The agent said she sold Russell because he "tricked" her. But the teenager spoke no words to make the case for his age. He was never asked. A poster at the front of the store said SVL (Supreme Ventures Limited) "encourages responsible gaming" and that "players must be 18 years or older".

The managing director of the store told The Sunday Gleaner that sometimes their best efforts to prevent minors from gambling are not enough.

"We try our best but you can't scrutinise everybody ... . It is very hard," he said.

The businessman said the matter is compounded because not every Jamaican has an ID card.

He argued that any insistence that purchasers produce some form of identification would result in a loss of business.

That cashier said that gambling minors are a serious problem as she has to turn back up to 30 students each day.

The third agent our news team put to the test was at a facility off Old Hope Road near Matilda's Corner in St Andrew.

The cashier roughly dismissed Kadian as she attempted to purchase a Pick-3 ticket. "That was so harsh," Kadian said. But Russell was again the smooth operator.

Once again, the agent failed to ask for an ID from a young man with very limited facial hair.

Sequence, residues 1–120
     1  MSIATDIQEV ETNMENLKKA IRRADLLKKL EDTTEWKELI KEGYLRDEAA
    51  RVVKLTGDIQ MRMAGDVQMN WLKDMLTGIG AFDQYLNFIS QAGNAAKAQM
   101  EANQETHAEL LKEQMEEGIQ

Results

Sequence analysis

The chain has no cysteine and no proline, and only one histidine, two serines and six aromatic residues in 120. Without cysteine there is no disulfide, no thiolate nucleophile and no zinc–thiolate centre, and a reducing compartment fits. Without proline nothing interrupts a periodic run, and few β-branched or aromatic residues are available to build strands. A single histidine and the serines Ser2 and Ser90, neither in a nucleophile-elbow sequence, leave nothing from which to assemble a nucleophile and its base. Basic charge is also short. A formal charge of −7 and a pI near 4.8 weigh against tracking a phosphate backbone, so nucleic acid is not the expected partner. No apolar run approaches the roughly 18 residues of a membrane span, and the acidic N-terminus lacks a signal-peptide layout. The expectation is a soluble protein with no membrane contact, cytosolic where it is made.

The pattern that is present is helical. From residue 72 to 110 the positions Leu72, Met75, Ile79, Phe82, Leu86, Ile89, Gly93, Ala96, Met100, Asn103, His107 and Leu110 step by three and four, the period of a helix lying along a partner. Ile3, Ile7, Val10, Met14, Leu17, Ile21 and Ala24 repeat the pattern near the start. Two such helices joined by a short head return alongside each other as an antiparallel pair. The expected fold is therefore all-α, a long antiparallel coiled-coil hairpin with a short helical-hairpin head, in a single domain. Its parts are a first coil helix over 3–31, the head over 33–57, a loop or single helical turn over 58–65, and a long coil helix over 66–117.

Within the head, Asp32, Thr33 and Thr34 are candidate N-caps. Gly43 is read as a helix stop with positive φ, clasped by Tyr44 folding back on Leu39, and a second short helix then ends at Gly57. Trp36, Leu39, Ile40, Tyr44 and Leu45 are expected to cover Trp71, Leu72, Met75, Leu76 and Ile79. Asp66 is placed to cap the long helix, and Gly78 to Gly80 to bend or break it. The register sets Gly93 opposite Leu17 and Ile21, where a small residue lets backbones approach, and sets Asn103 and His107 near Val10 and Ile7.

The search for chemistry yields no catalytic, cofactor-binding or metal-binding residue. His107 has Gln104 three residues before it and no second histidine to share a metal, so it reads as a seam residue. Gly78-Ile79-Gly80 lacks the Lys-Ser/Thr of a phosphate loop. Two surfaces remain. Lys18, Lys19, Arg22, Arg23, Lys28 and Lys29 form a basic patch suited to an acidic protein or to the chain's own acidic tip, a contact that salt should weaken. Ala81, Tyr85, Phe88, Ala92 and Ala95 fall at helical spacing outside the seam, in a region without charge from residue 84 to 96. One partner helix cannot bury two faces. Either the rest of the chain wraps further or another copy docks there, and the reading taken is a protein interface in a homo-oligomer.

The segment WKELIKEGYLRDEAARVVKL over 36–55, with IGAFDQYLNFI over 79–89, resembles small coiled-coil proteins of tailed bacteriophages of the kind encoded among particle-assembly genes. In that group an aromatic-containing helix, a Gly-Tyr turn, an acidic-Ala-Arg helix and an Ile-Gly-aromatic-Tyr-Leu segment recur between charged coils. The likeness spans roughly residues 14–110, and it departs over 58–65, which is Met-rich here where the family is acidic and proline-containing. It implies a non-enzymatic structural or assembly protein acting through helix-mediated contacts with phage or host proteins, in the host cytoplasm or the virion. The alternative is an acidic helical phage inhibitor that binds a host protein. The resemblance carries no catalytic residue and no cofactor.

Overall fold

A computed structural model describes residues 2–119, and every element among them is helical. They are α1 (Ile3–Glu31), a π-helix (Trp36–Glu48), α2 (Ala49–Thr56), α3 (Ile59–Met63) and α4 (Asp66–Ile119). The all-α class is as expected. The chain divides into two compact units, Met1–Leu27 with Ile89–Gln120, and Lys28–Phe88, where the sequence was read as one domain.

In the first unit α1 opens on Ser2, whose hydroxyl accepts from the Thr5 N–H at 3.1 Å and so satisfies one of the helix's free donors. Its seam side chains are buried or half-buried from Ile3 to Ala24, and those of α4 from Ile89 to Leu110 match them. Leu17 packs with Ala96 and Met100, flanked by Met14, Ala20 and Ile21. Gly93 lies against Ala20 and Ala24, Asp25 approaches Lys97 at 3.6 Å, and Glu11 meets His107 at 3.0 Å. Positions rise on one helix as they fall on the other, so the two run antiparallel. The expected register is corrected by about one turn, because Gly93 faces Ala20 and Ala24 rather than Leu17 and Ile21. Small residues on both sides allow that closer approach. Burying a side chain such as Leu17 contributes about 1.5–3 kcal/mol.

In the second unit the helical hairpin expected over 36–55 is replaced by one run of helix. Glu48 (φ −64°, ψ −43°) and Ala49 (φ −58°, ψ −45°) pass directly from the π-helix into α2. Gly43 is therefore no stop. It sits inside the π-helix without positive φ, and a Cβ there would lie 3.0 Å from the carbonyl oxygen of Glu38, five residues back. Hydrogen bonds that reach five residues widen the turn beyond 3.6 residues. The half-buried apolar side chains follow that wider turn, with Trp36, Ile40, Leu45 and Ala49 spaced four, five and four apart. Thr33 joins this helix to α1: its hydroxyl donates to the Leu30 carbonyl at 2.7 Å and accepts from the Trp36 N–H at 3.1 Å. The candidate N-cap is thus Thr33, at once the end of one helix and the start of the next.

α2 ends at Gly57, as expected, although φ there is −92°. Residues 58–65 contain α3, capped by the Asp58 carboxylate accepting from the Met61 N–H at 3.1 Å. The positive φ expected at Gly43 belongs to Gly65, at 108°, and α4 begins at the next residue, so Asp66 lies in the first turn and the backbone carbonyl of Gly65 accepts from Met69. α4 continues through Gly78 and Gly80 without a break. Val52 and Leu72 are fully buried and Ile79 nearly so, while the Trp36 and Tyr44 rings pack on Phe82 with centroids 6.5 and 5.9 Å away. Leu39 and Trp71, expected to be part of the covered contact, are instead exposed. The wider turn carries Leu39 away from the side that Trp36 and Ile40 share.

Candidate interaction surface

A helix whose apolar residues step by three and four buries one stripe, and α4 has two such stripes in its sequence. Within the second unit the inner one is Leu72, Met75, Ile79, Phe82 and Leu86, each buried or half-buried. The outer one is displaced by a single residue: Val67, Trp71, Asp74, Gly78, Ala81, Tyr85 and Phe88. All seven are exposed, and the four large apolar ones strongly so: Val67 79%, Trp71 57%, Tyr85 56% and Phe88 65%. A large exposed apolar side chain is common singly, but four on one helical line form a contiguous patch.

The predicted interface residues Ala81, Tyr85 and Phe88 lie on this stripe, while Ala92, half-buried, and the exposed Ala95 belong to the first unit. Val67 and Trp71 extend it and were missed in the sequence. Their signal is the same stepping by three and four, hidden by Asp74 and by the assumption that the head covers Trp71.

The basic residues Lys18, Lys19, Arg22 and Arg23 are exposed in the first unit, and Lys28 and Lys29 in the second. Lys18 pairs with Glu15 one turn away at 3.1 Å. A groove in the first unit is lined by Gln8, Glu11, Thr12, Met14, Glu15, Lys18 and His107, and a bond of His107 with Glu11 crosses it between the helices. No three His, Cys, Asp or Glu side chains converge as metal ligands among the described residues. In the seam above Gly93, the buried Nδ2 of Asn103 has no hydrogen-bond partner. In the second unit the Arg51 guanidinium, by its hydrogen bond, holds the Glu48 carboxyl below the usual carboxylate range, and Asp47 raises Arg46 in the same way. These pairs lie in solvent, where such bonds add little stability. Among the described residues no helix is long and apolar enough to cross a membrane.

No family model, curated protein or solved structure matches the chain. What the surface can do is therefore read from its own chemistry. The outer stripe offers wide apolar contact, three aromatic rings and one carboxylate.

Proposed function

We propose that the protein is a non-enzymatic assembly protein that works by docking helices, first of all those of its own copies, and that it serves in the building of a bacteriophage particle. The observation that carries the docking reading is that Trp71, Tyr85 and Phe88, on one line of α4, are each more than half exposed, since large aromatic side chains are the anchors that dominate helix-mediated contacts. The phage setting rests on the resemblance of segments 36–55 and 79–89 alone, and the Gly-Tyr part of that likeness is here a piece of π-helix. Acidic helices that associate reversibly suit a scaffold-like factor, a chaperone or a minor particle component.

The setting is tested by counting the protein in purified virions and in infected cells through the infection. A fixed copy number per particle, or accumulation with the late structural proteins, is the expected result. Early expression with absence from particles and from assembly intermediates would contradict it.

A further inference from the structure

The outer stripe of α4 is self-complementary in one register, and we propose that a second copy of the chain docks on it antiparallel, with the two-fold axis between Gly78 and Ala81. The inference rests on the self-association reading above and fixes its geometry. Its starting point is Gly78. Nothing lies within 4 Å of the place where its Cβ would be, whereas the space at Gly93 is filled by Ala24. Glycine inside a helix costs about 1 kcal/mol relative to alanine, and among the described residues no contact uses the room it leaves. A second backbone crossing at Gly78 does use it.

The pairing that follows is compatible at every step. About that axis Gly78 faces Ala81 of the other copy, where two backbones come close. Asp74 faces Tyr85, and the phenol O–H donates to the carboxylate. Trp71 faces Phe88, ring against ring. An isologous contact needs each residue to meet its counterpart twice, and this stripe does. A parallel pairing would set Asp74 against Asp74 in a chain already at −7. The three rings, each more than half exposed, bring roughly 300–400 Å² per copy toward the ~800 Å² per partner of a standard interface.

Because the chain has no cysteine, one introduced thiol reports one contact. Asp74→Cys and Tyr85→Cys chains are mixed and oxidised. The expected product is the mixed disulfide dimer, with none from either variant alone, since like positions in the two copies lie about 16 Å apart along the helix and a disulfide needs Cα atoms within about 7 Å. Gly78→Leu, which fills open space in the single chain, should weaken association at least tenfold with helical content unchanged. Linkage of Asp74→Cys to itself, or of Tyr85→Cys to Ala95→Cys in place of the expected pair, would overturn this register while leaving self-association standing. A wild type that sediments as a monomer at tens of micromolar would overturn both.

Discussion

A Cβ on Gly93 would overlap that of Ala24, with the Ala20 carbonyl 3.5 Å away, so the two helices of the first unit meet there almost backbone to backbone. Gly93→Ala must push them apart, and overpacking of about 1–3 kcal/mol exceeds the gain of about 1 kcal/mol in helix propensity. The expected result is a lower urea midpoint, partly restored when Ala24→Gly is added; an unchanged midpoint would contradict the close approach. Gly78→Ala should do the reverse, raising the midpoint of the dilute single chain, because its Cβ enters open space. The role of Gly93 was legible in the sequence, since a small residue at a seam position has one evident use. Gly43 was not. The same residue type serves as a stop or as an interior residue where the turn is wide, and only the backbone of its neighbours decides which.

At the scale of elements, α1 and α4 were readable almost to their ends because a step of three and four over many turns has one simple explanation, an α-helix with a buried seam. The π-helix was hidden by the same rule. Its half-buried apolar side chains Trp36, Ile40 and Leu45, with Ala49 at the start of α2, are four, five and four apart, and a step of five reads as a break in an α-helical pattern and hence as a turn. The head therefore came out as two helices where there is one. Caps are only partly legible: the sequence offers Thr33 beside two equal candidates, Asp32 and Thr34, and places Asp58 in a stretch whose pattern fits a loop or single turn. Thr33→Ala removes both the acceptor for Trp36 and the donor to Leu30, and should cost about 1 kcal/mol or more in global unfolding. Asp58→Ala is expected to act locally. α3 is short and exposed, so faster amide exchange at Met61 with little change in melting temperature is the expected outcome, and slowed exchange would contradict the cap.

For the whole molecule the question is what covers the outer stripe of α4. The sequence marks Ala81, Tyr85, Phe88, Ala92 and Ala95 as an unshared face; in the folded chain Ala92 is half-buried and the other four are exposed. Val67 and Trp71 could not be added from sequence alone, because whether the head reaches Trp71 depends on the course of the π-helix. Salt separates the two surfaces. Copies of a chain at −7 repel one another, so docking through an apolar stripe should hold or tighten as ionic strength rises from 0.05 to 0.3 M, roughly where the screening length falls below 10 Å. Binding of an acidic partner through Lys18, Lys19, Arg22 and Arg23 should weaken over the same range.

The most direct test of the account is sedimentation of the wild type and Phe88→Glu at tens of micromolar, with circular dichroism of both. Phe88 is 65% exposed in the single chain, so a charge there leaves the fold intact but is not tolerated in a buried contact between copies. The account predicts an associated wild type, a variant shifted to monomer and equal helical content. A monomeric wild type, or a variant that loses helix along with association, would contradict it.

The team leader at the store later told our news team that Russell looked like he was 18.

"Him no look like schoolers," said the team leader, who argued that asking for an ID could lead to a confrontation. "Mi nuh want nobody box mi inna mi face," she said.

"We are going to start asking for ID. If they don't have it, they are not going to get a ticket," said the cashier who broke the law.

The guilty cashier said she did not know that selling to a minor could result in a fine of up to $1 million. "A so much? I thought it was $50,000," she said.

Next up was the wholesale in Barbican where the cashier rejected Kadian's bid to wager and promptly told her that she was not going to jail for her.

But it was again easy for Russell. Again, no ID was requested. This cashier was also oblivious to the fact that she could spend three months in prison or be fined up to a million dollars.

She told our news team that she has to turn back at least three students in uniform on a daily basis.

Security check

The final destination was an upscale gaming lounge in St Andrew.

This time, Kadian did not make it past security. But Russell, who added a jacket to his jeans and T-shirt, walked right past the security guard.

Once on the casino-like floor, Russell was able to purchase a cup of coins worth $1,000 plus a lotto ticket.

When confronted and told about the breach that just occurred at her establishment, the operations manager argued that the gaming lounge is usually very strict.

After looking at Russell for a few seconds, she concluded that he looked too young to be on the floor much less to be sold a cup of coins and a lotto ticket.

The vice-president of corporate communications at the company told our news team that the procedure is that when agents are in doubt, they should ask for an ID and if the person is unable to produce one, he/she should be asked to leave.

The vice-president said asking everyone to produce an ID would, "culturally open up a can of worms".

However, she said the gaming lounge would discuss the issue.

tyrone.reid@gleanerjm.com